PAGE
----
Giro d’Italia: Vincenzo Nibali announces retirement at end of 2022
Two-time Giro d'Italia winner confirms the news at the end of stage 5.
Heading out the door? Read this article on the new Outside+ app available now on iOS devices for members! Download the app.
Vincenzo Nibali (Astana-Qazaqstan) has announced that he will retire from professional cycling at the end of the current season.
The Italian, who is racing his final Giro d’Italia, confirmed the news at the end of stage 5 after crossing the line in his hometown of Messina.
The Giro d’Italia has spent the last two days in Nibali’s native Sicily, and the two-time winner of the race confirmed his retirement a day after losing time on the stage 4 finish to Mount Etna.
“There was a lot of emotion riding here into Messina, my home, my family, my friends,” Nibali said on RAI.
“It’s a difficult day for me and for my family. I’ve been waiting for this stage for a long time. It’s my city and it’s where it all started for me. This will be my last Giro and I want to share that with everyone.”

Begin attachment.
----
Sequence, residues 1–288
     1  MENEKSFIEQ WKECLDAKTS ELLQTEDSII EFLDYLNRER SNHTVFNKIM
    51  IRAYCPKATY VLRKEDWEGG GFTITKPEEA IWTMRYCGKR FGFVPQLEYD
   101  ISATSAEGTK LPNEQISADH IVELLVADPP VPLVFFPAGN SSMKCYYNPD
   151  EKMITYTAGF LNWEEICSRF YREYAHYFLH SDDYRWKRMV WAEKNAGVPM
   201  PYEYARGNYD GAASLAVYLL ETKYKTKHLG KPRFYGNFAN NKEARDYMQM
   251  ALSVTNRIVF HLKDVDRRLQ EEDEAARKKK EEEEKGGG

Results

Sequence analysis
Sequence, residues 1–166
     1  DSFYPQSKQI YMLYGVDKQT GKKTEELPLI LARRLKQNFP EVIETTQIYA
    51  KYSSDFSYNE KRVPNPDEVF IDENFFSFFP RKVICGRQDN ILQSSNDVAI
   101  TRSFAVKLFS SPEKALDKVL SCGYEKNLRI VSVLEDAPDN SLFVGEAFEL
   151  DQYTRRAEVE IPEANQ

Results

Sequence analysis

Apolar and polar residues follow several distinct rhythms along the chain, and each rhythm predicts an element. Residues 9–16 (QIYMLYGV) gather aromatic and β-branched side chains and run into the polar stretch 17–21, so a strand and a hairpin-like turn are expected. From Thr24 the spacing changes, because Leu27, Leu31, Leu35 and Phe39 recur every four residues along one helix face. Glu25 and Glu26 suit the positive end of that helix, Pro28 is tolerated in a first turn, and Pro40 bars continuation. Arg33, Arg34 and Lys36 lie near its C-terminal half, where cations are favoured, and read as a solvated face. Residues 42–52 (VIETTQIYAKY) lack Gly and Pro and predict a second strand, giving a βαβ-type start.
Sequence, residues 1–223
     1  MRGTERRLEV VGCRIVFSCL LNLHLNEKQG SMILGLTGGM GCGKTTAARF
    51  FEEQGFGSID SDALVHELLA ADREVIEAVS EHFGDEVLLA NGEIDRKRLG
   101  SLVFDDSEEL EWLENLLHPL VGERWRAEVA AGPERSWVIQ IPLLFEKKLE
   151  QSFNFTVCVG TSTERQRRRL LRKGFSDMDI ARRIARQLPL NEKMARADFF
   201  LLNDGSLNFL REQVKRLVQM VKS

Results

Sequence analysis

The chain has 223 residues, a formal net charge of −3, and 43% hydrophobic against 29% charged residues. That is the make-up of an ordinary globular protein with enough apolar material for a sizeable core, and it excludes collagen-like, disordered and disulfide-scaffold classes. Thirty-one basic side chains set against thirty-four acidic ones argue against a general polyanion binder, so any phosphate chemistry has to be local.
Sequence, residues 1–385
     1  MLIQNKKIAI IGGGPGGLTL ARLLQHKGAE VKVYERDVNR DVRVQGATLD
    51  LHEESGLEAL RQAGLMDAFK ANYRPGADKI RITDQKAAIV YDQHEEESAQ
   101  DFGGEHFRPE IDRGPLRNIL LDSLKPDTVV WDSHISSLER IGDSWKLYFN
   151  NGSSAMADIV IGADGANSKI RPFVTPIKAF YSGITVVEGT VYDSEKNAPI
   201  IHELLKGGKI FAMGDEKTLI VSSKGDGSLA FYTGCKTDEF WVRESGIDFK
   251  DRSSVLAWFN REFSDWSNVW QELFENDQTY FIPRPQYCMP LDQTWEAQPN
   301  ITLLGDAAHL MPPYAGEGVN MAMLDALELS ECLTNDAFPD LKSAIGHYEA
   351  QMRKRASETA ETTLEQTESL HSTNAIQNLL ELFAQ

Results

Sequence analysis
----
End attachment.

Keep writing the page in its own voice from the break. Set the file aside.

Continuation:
Now 37, Nibali has been at the forefront of Italian cycling during a career that has spanned three decades. He has won all three of cycling’s grand tours; first winning the Vuelta a España in 2010, before adding a Tour de France crown to his palmarès in 2014. His two Giro d’Italia wins came in 2013 and 2016.
He turned professional back in 2005 as part of Giancarlo Ferretti’s Fassa Bortolo team. He then moved to the Liquigas team a year later and began to establish himself as a grand tour star in the making with a string of promising results. His breakthrough came in the 2009 Tour de France, where he was sixth overall, and a year later he finished third in the Giro d’Italia and won the Vuelta.
He made a name for himself as the complete all-rounder, winning further grand tours, but also picking off monument success in both Il Lombardia (2015 and 2017) as well as Milan-San Remo in 2018, after a memorable solo attack on the Poggio.
In later years, his powers in grand tours began to fade, and he struggled to match the best riders over three weeks. He has ridden for a string of other teams, including Astana (twice), Trek-Segafredo, and Bahrain-Merida.
Nibali still has some grand tour racing to come and is on course to race the Tour de France later this summer. His GC hopes for the Giro d’Italia this year faded, however, on the slopes of Etna and he will target stage wins for the rest of the race.